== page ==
Show the real and authentic culture of the organization
“The Fast Facts” visualize an honesty and authenticity about Spy Hop that can be fun and lighthearted. Throughout the report, we celebrate and highlight their commitment to using media to empower and elevate youth voices, which means not just encouraging self-expression but acknowledging the legitimacy of it. The “Closer Look” example to the left takes a different approach. It shares the stark realness of what youth worry about, as part of a youth-created documentary. As a representation of “what happens when adults get out of the way and make space for youth to talk openly,” I felt that the design, too, then needed to step back and let the work “speak for itself” — which just happens to be the title of the report.
Throughout the report, I use visual cues, graphics and frameworks to connect readers to the message. The minimalist approach in “A Closer Look” above balances the warm and saturated hues employed throughout the report — an intentional choice, being that warm feels welcoming and invites an open and energetic conversation. This felt like the heart of the organization.
 Engage the audience in sense-making
Convergence’s research led us to building a framework for The Spy Hop Way, visualizing how the organization’s intentional programming informs the various facets of its youth-centered mission, and how they are connected to and inform each other. The model gives audiences insight into the values that drive how and why the organization works as it does. Having The Spy Hop Way helped frame the report’s narrative, both visually and verbally.
The model puts people at Spy Hop’s center, both as staff and participants, so showcasing them and their experiences was our first commitment. We did this most immediately through photography and highlighted quotes. For example, we use an image of Pepe, a Spy Hop film mentor, working with students on how to use gear and frame their shot as the evaluation report’s cover. This photo is also important because it captures what people do best at Spy Hop — collaborate in producing work.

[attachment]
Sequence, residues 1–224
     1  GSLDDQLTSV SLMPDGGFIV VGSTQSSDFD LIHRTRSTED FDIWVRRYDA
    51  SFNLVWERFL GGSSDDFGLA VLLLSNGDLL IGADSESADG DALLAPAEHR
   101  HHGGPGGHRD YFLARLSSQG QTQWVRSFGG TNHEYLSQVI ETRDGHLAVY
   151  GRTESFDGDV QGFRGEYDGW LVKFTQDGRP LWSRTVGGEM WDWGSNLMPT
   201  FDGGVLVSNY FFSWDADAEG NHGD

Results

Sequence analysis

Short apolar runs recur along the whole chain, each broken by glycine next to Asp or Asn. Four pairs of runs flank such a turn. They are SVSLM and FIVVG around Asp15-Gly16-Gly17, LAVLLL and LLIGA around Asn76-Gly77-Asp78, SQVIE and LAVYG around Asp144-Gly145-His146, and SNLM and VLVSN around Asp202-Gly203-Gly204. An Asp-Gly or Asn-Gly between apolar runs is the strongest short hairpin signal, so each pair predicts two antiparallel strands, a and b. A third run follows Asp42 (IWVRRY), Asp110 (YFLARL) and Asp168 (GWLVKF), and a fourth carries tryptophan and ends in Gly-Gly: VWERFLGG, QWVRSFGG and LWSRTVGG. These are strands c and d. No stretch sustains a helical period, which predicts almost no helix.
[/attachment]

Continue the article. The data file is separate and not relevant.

And we share youth participants’ direct quotes regarding what they value in their relationship to the organization and with mentors. Hearing from those who are not only directly involved but directly affected by an organization helps to bring into focus what is most important. Their voice is part of the voice of Spy Hop.
Personalities are complex — good design can help make things simpler
So much of what Spy Hop achieves in the youth media space stems from their organizational ethos — their personality. It was important to share this energy and spirit, and represent what makes them different, because ultimately, audiences and communities come to love and appreciate their mission through knowing this personality. Capturing an organization’s culture means first to believe in it, and to take the time to be with it. Without that, Convergence couldn’t have learned what it did, or shared it with the world.
Want to fall in love too? Read Spy Hop’s full evaluation report, The Work Speaks for Itself, here.